Paediatric surgery is one of the most vigorously growing fields in surgery. It came into existence as a distinct specialty in Hong Kong when Dr. Paul CK Yue established the first paediatric surgical unit at Queen Mary Hospital in 1967 and a neonatal surgical unit in 1968 .In the ensuing years, there was marked improvement in the survival rate of newborns with congenital surgical anomalies. In 1979 Professor Htut Saing succeeded Dr. Yue and a training programme was started. Subsequently, other paediatric surgical units were established in various hospitals. With the formation of the Board of Paediatric Surgery under the auspices of the College of Surgeons of Hong Kong in 1993, this specialty has now become well established. Currently, there are three paediatric surgical centres in Hong Kong providing service, training and research in various fields of paediatric surgery.
Paediatric surgeons operate on children whose age ranges from birth through to the teenage years. Children are not just small adults and the surgical problems are often quite different from those commonly seen by adult general surgeons. A wide spectrum of sub-specialties is within the realm of paediatric surgery. Indeed the management of surgical problems in children demands a multidisciplinary approach and a close collaboration with many other disciplines. This is reflected in the articles in the current issue of the Hong Kong Journal of Paediatrics with the main theme on paediatric surgery.
In this issue, there are seven original articles, one article on personal practice and two case reports covering major areas of paediatric surgery. The issue will certainly be of interest to surgeons, paediatricians, general practitioners, family physicians and other medical professionals related to child health.
In this edition, Dr. Nick Chao et al reported on the value of fundoplication in children with neurological impairment in relation to their respiratory function and nutrition. Dr. Michael Leung et al discussed on the incidence, diagnosis and management of occult spinal dysraphism in children with imperforate anus.
Cryptorchidism is the most common congenital anomaly involving the genitalia of baby boys and impalpable testis accounts for about 20 percent. Dr. Paula Tang et al described the use of laparoscopy in the management of this clinical problem. Urinary incontinence is a very distressing problem for children and their family. Dr. Jennifer Sihoe discussed the local prevalence, problems and management of non-neurogenic urinary incontinence from a surgeon's perspective.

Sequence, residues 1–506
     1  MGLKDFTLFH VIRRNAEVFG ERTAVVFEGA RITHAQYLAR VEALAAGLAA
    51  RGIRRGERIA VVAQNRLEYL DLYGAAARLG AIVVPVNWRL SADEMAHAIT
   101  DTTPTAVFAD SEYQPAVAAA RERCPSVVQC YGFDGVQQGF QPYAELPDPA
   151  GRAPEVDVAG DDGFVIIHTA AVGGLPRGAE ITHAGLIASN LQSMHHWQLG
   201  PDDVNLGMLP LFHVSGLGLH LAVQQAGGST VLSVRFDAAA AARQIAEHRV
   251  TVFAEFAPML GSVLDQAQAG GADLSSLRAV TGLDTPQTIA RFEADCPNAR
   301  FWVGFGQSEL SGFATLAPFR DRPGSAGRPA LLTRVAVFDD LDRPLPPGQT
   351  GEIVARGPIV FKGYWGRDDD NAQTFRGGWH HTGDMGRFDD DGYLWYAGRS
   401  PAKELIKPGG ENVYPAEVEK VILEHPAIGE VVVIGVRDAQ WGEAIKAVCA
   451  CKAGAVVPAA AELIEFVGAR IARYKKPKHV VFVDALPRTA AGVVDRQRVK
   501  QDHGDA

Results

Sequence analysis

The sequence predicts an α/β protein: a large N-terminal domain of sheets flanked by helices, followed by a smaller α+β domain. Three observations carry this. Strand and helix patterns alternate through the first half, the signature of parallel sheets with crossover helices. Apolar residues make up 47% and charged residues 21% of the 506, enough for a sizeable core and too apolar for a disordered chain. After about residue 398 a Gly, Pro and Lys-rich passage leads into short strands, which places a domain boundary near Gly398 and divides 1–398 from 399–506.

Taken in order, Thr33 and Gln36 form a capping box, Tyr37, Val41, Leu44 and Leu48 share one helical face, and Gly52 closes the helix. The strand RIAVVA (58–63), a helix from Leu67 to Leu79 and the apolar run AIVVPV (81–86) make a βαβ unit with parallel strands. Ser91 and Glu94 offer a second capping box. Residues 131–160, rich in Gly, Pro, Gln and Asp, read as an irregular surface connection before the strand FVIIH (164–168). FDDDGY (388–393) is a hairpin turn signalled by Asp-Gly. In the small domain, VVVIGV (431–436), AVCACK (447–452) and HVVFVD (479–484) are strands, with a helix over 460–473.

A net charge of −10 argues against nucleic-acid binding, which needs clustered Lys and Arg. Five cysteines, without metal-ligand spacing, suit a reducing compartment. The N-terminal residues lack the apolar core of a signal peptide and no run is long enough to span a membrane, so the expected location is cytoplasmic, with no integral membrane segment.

Biliary atresia and choledochal cyst are common causes of surgical jaundice in children. Dr. KH Lee et al reported on their experience in the management of choledochal cyst from the open to laparoscopic approach. Most cases of biliary atresia will end up in liver failure requiring liver transplantation. However, there is a significant shortage of deceased donor grafts for paediatric patients. Dr. Patrick Chung et al reported on their experience of using split graft liver transplant to increase the number of deceased grafts.
Neuroblastoma is the most common adrenal tumour of infancy and early childhood. The management of advanced disease remains a challenge to clinicians. Dr. Ivy Chan et al reviewed their experience of managing neuroblastoma.
Henoch-Schönlein purpura is common in young children and may present with acute gastrointestinal and urological manifestations even before the onset of purpura and arthralgia. Dr. Nick Chao et al reviewed their experience in managing such manifestations.
The case reports are also very educational and informative. Dr. Genevieve Fung et al reported on a case of severe cytomegalovirus enteritis transmitted through breast milk in an immunocompetent infant following gastrointestinal surgery. Neonatal intestinal obstruction is a common problem encountered by clinicians looking after neonates. Dr. WK Kwok et al described a case of neonatal intestinal obstruction caused by intestinal Kaposiform haemangioendothelioma
Finally, I would like to thank all of the contributors who did a tremendous job in bringing this edition to fruition and also Professor Louis Low, Chief Editor, for giving us the opportunity to present our work in paediatric surgery.